ATLANTA (Reuters) - Fewer U.S. teenagers are smoking cigarettes, fighting or having sex, but texting while driving is prevalent among high school students, according to a survey released by the Centers for Disease Control and Prevention on Thursday.
In 2013, 15.7 percent of teenagers reported smoking cigarettes, the lowest rate recorded since the National Youth Risk Behavior Survey began in 1991, the CDC said.
But more than 40 percent of students who had driven a car in the previous 30 days said they sent text messages or emails while driving. Last year's survey was the first to collect such data on texting and emailing while driving.
"It's encouraging that high school students are making better health choices such as not fighting, not smoking and not having sex," CDC Director Tom Frieden said in a statement.
But, he added, "way too many young people still smoke, and other areas such as texting while driving remain a challenge."
In the 1991 survey, 27.5 percent of high school students said they smoked cigarettes. The rate increased to 36.4 percent in 1997 before beginning a steady decline, the CDC said. In 2011, 18.1 percent of teenagers reported smoking.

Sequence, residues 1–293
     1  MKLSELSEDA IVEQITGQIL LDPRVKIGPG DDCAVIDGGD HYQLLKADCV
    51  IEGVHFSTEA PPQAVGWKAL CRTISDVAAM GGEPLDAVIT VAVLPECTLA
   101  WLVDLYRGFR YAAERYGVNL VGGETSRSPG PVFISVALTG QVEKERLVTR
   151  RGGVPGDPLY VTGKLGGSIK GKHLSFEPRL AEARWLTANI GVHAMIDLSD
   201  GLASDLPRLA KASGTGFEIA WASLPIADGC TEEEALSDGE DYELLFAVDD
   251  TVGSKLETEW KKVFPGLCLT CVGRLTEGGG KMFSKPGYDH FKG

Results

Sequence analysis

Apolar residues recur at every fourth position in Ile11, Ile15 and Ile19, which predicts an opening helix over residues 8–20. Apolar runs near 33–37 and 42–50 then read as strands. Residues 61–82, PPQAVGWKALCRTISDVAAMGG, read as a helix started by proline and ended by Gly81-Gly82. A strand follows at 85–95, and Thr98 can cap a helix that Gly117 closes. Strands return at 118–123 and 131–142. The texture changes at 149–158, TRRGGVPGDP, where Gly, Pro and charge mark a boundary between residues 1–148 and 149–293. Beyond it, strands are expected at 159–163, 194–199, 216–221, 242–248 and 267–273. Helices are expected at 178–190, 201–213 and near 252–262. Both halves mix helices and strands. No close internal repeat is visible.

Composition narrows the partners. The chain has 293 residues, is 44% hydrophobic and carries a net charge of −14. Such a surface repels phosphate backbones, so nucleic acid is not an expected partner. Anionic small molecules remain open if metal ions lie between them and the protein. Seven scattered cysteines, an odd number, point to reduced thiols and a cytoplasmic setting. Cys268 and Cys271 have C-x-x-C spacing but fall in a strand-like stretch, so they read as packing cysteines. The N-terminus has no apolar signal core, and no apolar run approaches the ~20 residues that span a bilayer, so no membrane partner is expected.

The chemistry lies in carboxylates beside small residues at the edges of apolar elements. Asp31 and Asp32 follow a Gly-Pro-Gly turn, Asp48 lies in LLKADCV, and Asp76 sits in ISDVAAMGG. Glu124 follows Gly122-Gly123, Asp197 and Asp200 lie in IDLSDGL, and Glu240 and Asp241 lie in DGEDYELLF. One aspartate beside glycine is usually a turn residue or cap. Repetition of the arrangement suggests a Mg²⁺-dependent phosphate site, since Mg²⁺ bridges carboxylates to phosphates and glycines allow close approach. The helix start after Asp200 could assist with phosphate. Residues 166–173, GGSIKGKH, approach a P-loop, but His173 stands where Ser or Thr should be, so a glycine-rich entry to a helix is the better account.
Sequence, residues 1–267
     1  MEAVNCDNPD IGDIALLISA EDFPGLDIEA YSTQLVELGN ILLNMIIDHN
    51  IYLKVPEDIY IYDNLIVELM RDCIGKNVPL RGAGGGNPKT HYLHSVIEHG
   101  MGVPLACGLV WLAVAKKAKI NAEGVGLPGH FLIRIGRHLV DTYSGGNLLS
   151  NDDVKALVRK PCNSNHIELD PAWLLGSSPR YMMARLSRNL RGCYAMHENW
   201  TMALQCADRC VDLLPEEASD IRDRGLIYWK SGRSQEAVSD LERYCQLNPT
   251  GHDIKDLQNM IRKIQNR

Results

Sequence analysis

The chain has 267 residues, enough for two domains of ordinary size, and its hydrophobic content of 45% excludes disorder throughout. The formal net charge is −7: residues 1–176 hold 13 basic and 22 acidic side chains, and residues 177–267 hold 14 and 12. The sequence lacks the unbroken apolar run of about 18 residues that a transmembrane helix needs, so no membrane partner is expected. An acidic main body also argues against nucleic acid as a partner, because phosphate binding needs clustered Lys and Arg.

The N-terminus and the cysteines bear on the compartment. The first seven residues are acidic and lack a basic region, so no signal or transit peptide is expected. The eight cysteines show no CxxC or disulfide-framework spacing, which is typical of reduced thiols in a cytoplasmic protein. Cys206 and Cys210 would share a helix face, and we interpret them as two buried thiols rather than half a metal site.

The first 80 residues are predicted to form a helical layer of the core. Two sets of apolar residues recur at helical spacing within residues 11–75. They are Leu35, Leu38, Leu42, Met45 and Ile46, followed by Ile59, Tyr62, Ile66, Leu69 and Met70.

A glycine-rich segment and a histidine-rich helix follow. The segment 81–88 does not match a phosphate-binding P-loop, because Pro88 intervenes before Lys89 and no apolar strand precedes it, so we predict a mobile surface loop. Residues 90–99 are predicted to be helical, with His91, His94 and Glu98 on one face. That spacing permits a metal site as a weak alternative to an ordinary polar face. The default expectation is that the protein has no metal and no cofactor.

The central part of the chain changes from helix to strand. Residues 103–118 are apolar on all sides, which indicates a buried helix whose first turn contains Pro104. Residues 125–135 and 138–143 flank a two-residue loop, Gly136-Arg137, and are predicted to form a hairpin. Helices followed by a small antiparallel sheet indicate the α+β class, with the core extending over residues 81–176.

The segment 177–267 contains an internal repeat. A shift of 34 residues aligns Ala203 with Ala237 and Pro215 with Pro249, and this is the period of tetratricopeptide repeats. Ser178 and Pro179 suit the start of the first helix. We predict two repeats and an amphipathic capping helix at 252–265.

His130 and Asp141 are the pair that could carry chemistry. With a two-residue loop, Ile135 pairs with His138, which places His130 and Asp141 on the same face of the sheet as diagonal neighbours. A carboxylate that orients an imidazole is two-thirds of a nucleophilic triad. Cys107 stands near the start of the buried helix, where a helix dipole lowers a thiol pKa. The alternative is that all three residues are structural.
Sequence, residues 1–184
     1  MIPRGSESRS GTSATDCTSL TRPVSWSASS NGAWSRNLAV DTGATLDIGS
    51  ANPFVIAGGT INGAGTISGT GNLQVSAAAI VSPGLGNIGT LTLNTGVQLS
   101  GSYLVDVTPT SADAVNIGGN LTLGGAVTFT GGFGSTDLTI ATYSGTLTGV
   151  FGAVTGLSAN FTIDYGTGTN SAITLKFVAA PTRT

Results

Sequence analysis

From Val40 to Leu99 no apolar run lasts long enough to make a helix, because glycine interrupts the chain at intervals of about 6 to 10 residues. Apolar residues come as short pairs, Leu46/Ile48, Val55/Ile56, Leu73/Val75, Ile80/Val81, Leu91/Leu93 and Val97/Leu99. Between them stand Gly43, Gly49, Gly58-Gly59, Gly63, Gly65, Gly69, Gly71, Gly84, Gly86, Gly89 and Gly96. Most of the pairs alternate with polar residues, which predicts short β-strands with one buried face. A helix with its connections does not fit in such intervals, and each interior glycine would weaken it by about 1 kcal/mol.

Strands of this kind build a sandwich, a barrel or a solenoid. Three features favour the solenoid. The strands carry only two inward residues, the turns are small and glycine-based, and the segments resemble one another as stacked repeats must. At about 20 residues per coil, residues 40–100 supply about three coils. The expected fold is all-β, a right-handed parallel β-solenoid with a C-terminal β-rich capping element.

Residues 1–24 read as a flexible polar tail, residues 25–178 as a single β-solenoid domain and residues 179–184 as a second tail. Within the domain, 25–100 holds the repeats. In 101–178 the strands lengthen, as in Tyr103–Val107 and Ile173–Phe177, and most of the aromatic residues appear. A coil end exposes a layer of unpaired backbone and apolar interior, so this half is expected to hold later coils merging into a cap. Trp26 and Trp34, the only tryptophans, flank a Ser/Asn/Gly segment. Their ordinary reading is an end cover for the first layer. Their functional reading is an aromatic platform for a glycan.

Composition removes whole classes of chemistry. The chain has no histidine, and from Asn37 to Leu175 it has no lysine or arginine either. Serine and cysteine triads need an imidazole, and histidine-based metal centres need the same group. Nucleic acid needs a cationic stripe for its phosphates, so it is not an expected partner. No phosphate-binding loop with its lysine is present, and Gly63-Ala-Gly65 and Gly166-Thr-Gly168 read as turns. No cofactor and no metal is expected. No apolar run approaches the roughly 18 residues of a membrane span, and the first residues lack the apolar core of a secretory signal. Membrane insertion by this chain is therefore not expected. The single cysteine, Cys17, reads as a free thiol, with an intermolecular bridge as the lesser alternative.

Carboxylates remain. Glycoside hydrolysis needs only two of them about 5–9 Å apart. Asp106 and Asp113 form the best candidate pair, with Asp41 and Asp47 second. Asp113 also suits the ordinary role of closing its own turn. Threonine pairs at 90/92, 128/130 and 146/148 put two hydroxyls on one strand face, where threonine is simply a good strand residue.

The rate of students using smokeless tobacco increased from 7.7 percent in 2011 to 8.8 percent in 2013, the CDC said.
The percentage of students who reported ever having sexual intercourse dropped slightly from 47.4 percent in 2011 to 46.8 percent in 2013.
Fighting also declined, the survey showed. In 2013, 24.7 percent of students reported having been in a physical fight at least once during the prior 12 months, down from 32.8 percent in 2011.